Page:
New law plans to better protect Estonia's pets

Cat, Source: Jenny Va / ERR

A new law is being drafted to better protect and improve the lives of pets in Estonia by the Ministry of Regional Affairs and Agriculture. It should be completed by spring 2024.

Over 700 animals are cared for by Shelters NGO Tallinn Animal Shelter (Varjupaikade MTÜ), of which 650 are cats. Estonia has many stray cat colonies.

"The stray animals problem in Estonia could certainly be solved by making the microchipping of animals compulsory nationwide. At present, in some (municipalities) it is compulsory, in others, it is not, and in others it is only recommended," Annii Anete Mõisamaa, the charity's communications manager, told Wednesday's "Aktuaalne kaamera".

Geit Karurahu, marketing manager at the Estonian Society for the Protection of Animals (Eesti Loomakaitse Selts), said the current animal protection law is too vague and does not work as it should. 

This means people who mistreat animals avoid punishment.

"Officials do not dare to use it in the way that they could, i.e. to issue injunctions or, for example, to take away animals. Of course, the penalties could be more severe," she said.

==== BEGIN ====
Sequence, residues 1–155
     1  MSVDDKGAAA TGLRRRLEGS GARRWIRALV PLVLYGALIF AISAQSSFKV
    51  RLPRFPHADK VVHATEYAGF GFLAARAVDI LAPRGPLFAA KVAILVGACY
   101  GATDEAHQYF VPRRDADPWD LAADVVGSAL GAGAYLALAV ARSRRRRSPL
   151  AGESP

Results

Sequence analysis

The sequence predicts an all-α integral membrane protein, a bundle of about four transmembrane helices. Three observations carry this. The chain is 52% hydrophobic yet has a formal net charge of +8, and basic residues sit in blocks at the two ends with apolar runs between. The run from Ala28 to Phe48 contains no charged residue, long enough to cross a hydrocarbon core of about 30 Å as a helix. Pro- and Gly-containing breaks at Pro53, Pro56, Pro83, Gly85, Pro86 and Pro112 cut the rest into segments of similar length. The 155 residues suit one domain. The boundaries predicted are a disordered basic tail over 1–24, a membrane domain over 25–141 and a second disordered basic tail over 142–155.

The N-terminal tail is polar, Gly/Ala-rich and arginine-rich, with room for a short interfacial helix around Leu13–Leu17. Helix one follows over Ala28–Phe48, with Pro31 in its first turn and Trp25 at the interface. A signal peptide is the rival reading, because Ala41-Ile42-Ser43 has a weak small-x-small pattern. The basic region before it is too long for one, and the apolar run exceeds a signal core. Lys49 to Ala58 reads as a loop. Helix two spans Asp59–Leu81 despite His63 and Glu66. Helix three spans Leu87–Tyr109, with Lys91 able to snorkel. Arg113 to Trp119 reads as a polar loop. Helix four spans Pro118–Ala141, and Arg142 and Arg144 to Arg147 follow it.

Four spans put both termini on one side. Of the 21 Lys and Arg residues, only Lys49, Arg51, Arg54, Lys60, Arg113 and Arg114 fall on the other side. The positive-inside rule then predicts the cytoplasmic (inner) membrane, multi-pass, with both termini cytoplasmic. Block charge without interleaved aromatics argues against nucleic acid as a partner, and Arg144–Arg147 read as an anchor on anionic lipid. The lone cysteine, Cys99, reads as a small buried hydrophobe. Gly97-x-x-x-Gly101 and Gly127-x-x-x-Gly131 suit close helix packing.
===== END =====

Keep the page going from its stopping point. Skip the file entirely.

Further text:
The ministry's Pille Tammemägi said: "We will certainly review the list of penalties and misdemeanors and the level of penalties. And another thing is the procedure and competencies, how we actually assess that welfare, and what is the proportionate sentencing. A lot of it has to do with the supervision side as well."

Tammemägi said the new law is in its early stages and drafting started in spring.

"Four main areas have been mapped out on which we will focus in this analysis and these are preventive actions, monitoring actions, the issue of competencies, and cooperation issues," she listed.

Keeping animals chained up and puppy and kitten farms are the most common concern among NGOs and organizations, the official said. These animals often end up in shelters.

"There are an awful lot of them. We still deal with hundreds of animals a year that come from puppy and kitten farms. Unfortunately, we do not see that these owners can be punished," said Shelters NGO's Mõisamaa.

Karurahu said charities want the new law to forbid the sale of these animals in commercial premises. "In addition to pet stores, we would like a supporting law that actually tells us what species of animals we can keep," she added.

The new animal protection law will be ready by spring.


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Editor: Merili Nael, Helen Wright

Source: Aktuaalne kaamera

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